import java.util.Iterator;
  
public class FailSafeItr {
    public static void main(String[] args)
    {
  
        // Creating a ConcurrentHashMap
        ConcurrentHashMap<String, Integer> map
            = new ConcurrentHashMap<String, Integer>();
  
        map.put("ONE", 1);
        map.put("TWO", 2);
        map.put("THREE", 3);
        map.put("FOUR", 4);
  
        // Getting an Iterator from map
        Iterator it = map.keySet().iterator();
  
        while (it.hasNext()) {
            String key = (String)it.next();
            System.out.println(key + " : " + map.get(key));
  
            // This will reflect in iterator.
            // Hence, it has not created separate copy
            map.put("SEVEN", 7);
        }
    }
}

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Output

ONE : 1
FOUR : 4
TWO : 2
THREE : 3
SEVEN : 7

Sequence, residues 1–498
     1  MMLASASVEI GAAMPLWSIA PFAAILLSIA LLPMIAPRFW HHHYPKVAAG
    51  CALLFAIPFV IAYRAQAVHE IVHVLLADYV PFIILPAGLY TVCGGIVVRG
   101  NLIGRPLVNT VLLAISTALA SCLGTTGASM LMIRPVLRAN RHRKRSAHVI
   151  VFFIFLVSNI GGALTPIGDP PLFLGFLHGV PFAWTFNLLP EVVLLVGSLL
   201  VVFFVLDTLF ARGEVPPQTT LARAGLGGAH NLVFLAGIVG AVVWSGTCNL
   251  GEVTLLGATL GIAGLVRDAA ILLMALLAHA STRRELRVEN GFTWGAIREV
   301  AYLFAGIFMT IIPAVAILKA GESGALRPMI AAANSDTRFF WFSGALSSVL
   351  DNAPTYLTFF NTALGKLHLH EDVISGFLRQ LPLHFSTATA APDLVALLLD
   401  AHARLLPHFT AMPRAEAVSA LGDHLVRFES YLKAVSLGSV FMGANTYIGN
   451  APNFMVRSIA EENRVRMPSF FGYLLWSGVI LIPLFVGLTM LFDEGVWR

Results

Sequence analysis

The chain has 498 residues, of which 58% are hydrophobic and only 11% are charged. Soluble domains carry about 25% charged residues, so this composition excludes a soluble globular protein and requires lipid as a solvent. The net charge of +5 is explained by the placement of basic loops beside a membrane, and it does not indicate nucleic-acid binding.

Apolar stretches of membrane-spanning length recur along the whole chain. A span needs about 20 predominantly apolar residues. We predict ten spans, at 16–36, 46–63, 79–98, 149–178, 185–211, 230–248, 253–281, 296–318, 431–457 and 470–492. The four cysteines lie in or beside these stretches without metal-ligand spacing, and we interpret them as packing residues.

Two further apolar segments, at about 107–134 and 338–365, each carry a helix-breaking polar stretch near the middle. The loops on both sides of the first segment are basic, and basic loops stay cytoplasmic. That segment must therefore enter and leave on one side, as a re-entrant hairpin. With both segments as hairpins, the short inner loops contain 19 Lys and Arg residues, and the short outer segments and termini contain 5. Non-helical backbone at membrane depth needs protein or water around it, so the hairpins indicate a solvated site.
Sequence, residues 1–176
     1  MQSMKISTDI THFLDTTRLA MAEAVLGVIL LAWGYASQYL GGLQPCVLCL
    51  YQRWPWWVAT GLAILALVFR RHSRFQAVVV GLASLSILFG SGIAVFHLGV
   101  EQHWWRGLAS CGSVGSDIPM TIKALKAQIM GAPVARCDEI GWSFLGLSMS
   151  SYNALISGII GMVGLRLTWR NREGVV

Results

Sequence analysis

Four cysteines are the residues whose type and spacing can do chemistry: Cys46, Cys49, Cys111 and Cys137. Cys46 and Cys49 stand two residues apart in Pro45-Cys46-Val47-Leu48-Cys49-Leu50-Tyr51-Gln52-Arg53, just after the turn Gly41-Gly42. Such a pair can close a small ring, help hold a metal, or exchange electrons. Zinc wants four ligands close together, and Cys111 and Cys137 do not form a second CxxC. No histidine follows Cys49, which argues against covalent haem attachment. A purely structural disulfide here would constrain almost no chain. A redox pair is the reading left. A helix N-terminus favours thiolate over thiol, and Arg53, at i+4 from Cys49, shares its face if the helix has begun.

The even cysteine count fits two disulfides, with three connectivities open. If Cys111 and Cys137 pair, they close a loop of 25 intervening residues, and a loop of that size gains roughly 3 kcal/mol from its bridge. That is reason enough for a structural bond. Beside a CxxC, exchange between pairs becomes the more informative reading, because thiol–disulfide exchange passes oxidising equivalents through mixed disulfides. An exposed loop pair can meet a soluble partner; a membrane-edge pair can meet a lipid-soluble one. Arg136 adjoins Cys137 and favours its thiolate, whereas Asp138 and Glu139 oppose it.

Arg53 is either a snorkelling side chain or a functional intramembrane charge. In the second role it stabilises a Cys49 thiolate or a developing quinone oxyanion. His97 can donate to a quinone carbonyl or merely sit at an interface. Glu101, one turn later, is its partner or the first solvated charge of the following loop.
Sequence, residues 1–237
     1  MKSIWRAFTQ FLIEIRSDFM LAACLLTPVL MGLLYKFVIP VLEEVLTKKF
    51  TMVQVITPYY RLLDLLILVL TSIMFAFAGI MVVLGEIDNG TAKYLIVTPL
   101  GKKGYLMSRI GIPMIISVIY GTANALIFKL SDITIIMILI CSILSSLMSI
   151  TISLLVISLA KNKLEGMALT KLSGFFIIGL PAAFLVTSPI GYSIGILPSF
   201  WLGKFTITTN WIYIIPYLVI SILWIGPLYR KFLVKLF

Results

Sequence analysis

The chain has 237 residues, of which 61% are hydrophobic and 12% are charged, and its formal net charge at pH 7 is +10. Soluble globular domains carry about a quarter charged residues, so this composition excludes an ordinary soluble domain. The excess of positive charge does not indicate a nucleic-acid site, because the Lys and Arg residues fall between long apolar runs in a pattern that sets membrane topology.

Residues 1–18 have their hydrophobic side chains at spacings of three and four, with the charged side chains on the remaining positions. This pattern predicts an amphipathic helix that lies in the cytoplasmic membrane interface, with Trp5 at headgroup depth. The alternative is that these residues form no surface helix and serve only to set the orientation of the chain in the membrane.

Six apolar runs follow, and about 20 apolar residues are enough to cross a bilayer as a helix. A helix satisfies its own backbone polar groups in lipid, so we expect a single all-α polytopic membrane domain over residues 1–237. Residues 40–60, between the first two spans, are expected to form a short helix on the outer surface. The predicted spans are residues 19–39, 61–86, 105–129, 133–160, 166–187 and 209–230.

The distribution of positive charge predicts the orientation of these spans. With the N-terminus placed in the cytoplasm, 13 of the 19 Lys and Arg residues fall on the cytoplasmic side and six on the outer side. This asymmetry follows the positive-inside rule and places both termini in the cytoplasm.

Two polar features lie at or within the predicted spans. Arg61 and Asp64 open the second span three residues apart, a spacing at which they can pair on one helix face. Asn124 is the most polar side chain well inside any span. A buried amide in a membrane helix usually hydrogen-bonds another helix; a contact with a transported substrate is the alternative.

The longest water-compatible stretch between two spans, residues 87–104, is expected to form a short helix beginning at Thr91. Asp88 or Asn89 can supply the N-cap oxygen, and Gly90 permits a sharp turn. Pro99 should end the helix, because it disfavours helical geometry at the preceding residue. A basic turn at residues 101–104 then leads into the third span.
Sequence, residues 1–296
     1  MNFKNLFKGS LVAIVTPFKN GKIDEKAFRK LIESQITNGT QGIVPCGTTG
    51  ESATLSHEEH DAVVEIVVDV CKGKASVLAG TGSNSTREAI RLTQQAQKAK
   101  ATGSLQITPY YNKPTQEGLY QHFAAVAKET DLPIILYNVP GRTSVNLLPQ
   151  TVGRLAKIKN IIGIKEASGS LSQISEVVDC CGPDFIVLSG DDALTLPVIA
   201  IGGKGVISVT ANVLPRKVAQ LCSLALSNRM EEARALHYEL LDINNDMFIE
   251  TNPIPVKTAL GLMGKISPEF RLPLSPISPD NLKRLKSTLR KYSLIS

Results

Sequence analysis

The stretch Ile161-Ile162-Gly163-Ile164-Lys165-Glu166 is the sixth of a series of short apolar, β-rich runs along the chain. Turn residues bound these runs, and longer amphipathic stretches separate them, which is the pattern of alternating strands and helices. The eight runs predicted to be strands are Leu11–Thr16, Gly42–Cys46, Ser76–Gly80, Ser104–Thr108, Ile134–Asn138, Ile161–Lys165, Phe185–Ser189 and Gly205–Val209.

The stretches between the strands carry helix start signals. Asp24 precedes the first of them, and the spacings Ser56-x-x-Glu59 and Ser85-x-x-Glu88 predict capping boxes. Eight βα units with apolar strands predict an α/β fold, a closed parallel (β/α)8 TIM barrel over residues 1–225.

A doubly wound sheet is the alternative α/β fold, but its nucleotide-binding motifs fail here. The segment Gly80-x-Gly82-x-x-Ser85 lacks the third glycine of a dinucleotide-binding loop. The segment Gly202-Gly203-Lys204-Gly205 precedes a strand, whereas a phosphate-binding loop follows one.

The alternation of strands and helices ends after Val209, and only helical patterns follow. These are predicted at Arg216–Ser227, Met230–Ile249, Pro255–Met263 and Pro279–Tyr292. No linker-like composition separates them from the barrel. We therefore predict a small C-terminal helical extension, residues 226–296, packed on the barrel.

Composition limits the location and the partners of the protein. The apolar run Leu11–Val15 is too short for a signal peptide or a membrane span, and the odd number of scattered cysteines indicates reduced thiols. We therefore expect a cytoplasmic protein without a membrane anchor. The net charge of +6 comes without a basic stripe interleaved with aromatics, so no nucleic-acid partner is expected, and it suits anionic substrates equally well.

Note(from java-docs) : The iterators returned by ConcurrentHashMap is weakly consistent. This means that this iterator can tolerate concurrent modification, traverses elements as they existed when iterator was constructed and may (but not guaranteed to) reflect modifications to the collection after the construction of the iterator.

Difference between Fail Fast Iterator and Fail Safe Iterator

The major difference is fail-safe iterator doesn’t throw any Exception, contrary to fail-fast Iterator.This is because they work on a clone of Collection instead of the original collection and that’s why they are called as the fail-safe iterator.